Walking into an urban grocery store the day the US declared a national emergency, I was greeted by the blank stare of empty shelves.
Normally, that row would have been stacked with bread, pita, pita chips and other bakery perishables. They were long gone, not even leaving behind orphan crumbs to mourn the departure.
The nearby fruit stand did not fare better. There were some apples left, but not a wide selection. (The smaller apples in plastic bags that were just inside the door were still there, but I have a good stash of those.) Some lonely oranges were left, but only a few.
The greens cooler just beyond the fruit stand was clearing out. There was one package of baby cut carrots left, and some bags of prepared salad greens at the end. But otherwise the bare metallic shelves sat there cold and empty. A few selections of cheeses and hummus mixes were around the corner from the greens cooler, but they were going fast. Only a short stack of clam chowder, hiding resolutely in a distant corner, stood as a proud reminder of the bounteous supply that the store usually displayed. I quickly diminished that bounty by one container.
Thus was the response of a city neighborhood to the prospect of self-isolation of 14 days, to the uncertainty that grocery stores would close up like a school dance at the first sign of coughing and wheezing of cashiers or customers, to the fear that someone would buy up the pita before you grabbed some.
The perishable perished quickly from the shelves. Boxed cereal was still available, and any manner of canned chili or beans still announced themselves as ripe for the plucking. Peanut butter, with all its protein, was left on the shelf. Presumably today the shoppers were so grateful to have their bread they did not need to adorn it with a spread.
I walked by two stock clerks putting products on the shelf. One woman, a bit wide-eyed with amazement, told her co-worker that she had come in a 4 that afternoon and things were gone. “I was surprised,” she said. At another spot in the store (where I was able to get all the frozen vegetables I wanted) another clerk was so preoccupied with bring frozen pizzas to the hungry that he plopped his case on top of my shopping cart, as if it were a work bench, and started cutting through the card board to get to the food. (“Excuse me, please,” I said. “Is that you?” he replied as he shifted the box to another surface with the grace of a ballet dancer moonlighting in a grocery store to practice strange moves. He quickly put the pizzas on the shelves as shoppers eyed them over.)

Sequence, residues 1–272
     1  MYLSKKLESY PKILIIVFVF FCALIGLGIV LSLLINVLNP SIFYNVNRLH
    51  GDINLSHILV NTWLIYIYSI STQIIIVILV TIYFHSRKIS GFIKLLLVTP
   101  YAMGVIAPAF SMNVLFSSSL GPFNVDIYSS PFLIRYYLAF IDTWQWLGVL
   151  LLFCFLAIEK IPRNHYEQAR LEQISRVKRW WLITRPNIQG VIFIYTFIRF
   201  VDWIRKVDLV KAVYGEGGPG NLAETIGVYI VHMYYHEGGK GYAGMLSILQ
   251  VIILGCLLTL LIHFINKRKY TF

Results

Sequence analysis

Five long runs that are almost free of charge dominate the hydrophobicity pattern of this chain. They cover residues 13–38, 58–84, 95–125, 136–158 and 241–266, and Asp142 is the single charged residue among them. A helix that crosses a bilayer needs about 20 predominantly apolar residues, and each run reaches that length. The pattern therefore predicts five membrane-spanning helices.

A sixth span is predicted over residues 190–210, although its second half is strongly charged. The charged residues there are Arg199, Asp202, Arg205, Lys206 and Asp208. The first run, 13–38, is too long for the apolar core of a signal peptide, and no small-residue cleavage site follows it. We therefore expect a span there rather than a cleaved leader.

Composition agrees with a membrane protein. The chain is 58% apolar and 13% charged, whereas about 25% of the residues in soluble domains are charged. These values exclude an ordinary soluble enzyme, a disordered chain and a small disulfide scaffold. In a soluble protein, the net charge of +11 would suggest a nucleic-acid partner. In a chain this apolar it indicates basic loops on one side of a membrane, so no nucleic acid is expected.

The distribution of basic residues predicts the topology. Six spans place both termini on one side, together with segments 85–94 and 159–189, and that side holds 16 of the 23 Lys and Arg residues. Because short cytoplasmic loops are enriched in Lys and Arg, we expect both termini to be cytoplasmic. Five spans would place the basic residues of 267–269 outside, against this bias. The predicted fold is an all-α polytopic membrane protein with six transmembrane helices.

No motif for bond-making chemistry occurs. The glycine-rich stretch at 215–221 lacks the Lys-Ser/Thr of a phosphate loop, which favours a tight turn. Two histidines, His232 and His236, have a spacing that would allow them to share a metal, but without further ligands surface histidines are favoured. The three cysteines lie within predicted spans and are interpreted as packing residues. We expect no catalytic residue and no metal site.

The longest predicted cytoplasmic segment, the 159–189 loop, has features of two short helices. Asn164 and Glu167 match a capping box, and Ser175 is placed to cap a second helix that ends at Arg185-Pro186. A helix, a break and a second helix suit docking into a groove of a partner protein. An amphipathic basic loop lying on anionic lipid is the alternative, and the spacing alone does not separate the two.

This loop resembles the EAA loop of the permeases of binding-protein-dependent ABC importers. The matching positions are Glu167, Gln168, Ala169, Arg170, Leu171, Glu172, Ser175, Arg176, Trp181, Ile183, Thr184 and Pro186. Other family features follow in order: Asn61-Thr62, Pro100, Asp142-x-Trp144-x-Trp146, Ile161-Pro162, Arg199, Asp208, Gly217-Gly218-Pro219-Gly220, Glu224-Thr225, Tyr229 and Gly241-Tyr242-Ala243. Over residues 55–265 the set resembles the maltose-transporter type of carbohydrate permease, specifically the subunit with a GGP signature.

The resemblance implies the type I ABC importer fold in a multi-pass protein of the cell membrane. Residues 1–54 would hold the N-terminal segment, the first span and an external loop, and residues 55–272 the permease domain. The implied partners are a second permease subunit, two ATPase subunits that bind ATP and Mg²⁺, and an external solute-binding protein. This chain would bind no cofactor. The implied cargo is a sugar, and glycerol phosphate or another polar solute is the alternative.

Everyone was friendly. There was no panic buying, but there was lots of buying and there were lots of empty shelves. There was a bit of a line, but there always is in that grocery store downtown. A stray complaint could be heard from frustrated shoppers as they couldn’t find their preferred sauce or what-not. But people were getting food. I may not have gotten my pita, but I did get three boxes of nice crackers and some salmon to put on them, leaving plenty of boxes and salmon for others to buy. I even found it necessary to choose a new style of beverage, a blueberry lavender flavored almond drink. Maybe not what I want all the time, but hardly a sacrifice to make.
Although there were some frustrations for some people and plenty of culinary compromises that had to be made on the spot, the visit to the dwindling shelves was a good reminder of scarcity versus abundance. If all the shelves had been totally empty how dire things would have seemed. Perhaps this partial vacancy is a good lesson to people who are used to getting the nuanced choices they want when the want. Perhaps we can learn from these minor shortages that we should prepare better in case a truly major emergency descends upon us.